Date Archives December 2012

Merry Holidays

This time of year I tend to (try to) take a much-needed hiatus from writing here. January 5 will be RealCentralVA’s 8-year anniversary; nearly 4,000 posts written in that time warrants a few days’ break. So, enjoy this little video we did at Nest.

As always though, if you have questions – about the market, prepping your house to put it on the market, wondering when homes come on the market in Charlottesville, or if you’re looking for guidance as you start your path to consider buying a home in Charlottesville, please contact me anytime.

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A New Way to Determine if You’ll Like the People in your New Neighborhood – Sitegeist

“Will I fit in” this neighborhood? – I’ve mentioned this twice in the past two years – once this year and once last year (and probably a time or two before in the past nearly eight years of writing here). Enter Sitegeist – a new app from the Sunlight Foundation.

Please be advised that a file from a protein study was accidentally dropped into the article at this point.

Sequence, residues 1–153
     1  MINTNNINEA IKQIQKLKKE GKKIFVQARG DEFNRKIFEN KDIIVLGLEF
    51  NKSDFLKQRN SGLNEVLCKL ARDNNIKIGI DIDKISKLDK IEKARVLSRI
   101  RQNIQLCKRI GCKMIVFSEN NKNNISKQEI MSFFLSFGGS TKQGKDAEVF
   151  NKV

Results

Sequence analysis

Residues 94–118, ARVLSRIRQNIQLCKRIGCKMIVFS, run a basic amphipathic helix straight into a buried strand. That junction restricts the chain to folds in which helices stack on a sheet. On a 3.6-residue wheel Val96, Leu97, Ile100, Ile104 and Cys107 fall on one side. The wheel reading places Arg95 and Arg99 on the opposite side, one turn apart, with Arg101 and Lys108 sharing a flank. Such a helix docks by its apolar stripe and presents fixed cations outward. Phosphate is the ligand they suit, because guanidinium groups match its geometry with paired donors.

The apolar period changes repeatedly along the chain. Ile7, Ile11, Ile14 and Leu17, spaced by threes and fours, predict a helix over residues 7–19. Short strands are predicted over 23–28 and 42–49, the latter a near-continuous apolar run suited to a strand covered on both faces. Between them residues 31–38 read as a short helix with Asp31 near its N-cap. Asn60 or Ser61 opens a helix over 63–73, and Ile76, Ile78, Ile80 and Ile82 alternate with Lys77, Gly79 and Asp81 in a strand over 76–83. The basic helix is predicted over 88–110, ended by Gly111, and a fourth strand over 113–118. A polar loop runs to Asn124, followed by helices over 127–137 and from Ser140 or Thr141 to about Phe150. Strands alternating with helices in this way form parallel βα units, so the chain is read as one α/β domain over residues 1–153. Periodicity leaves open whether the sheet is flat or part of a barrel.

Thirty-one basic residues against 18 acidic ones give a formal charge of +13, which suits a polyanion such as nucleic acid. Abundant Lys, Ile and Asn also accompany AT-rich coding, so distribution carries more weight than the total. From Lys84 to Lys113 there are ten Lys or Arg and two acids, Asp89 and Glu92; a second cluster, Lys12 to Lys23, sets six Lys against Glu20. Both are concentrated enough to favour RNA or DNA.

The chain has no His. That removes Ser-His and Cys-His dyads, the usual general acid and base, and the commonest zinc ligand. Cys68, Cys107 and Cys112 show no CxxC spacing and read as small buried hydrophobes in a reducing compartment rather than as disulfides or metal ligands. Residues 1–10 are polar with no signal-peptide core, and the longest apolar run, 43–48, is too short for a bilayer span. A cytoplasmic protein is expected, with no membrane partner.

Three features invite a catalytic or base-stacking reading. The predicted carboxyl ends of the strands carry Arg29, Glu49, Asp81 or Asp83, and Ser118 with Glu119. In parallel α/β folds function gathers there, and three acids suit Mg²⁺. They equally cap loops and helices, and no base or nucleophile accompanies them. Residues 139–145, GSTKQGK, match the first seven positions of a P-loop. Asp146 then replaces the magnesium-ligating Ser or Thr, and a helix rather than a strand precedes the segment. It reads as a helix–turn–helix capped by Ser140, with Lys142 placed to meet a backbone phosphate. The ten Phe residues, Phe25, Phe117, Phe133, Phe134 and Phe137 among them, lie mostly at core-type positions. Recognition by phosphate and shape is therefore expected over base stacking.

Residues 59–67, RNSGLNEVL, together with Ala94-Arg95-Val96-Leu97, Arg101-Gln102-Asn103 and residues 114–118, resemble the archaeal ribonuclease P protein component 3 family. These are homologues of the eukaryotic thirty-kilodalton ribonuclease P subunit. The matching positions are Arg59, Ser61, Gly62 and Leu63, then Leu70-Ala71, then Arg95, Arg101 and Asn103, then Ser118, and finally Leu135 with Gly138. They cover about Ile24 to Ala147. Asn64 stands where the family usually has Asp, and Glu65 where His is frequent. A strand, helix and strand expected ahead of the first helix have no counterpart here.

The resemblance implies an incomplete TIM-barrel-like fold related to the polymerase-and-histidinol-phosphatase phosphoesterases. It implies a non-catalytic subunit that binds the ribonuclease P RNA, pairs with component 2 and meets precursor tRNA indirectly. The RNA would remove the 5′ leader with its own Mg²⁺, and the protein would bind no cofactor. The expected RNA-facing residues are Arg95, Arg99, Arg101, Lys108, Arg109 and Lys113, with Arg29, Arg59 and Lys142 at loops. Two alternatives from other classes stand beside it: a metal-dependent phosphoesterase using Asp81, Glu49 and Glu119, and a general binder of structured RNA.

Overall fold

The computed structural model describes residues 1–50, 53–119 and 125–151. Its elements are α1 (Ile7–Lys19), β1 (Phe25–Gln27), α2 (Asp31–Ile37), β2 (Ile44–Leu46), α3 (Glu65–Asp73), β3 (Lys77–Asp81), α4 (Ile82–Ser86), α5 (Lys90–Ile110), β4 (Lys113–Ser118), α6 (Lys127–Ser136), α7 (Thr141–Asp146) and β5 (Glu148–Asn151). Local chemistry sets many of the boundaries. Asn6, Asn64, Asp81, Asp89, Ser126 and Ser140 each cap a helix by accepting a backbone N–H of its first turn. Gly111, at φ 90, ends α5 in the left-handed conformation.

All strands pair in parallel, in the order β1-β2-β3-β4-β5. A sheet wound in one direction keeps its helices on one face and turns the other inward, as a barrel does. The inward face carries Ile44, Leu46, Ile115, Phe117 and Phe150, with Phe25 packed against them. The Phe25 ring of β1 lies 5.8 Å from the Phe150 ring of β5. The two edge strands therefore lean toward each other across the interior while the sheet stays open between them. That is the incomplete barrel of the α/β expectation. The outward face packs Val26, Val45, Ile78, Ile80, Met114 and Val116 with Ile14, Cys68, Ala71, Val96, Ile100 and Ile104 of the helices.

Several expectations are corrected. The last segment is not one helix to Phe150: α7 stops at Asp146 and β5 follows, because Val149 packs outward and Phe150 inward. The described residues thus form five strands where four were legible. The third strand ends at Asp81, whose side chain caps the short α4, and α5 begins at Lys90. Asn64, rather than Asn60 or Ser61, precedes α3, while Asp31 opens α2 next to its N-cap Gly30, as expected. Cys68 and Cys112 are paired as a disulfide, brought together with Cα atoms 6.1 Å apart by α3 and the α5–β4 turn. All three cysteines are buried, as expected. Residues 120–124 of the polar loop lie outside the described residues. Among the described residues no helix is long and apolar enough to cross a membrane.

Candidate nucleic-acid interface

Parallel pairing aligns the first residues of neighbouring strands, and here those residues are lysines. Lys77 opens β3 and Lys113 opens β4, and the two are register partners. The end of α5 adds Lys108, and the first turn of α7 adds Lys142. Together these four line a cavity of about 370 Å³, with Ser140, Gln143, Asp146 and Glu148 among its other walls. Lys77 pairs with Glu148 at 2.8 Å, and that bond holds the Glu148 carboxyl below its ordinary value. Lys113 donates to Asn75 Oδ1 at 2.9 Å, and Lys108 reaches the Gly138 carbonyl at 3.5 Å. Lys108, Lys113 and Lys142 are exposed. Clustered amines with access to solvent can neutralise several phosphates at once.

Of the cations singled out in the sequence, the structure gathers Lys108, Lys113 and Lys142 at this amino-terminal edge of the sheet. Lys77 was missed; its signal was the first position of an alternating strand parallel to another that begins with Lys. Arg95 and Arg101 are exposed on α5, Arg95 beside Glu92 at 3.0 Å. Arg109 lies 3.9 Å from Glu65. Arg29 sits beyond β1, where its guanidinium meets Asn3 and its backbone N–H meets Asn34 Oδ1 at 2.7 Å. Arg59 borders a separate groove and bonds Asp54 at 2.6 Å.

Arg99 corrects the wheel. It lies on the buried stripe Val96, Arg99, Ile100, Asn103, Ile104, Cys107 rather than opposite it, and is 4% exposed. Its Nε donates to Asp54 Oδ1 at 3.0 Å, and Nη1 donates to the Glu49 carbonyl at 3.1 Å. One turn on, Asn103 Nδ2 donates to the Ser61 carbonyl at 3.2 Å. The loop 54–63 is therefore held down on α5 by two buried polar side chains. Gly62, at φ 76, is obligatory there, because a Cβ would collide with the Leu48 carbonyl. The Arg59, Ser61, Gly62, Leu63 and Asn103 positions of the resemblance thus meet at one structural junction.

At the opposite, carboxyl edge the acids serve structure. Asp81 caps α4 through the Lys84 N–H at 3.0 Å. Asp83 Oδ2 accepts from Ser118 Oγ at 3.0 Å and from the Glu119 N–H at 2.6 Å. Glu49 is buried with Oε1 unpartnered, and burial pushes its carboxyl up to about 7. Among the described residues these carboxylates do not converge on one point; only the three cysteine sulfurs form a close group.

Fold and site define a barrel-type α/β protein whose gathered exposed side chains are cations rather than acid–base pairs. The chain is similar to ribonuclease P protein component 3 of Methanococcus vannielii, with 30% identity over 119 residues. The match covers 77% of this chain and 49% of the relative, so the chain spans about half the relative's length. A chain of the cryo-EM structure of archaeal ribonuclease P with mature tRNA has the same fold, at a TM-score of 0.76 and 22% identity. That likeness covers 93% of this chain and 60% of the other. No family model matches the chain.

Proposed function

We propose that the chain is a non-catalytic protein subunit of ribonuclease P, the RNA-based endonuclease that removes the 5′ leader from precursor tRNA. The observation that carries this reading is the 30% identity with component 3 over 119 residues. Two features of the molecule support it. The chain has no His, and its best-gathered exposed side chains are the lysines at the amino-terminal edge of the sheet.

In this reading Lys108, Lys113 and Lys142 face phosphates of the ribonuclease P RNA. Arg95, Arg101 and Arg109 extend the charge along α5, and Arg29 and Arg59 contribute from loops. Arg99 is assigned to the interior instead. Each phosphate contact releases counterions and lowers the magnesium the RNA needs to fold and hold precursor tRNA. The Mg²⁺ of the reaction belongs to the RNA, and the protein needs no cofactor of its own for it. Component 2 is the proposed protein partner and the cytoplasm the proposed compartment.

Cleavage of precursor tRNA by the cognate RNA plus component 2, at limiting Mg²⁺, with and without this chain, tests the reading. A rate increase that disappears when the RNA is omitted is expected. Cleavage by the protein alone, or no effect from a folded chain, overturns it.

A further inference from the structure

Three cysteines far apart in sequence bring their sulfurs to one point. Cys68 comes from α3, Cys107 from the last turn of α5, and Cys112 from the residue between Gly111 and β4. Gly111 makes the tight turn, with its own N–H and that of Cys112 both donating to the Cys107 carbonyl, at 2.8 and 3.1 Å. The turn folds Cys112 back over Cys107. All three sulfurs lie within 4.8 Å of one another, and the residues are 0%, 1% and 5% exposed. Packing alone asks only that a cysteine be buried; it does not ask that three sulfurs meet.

What is it? Just a lot of what buyers are interested in when evaluating where to live (particularly when relocating to a new location). Now, in addition to telling buyer clients that I can’t tell them if there are kids in a neighborhood, that they should visit a location multiple times at various times before making an offer … download Sitegeist.

I’m going to be testing the app over the next few days to verify its accuracy. After a few initial tests it seems pretty accurate – albeit a bit broad – it doesn’t seem to (at least in Crozet) pull neighborhood data, but zip code. (so far in my test)

Are there kids in this neighborhood?

Where are the Democrats and Republicans?

From their site: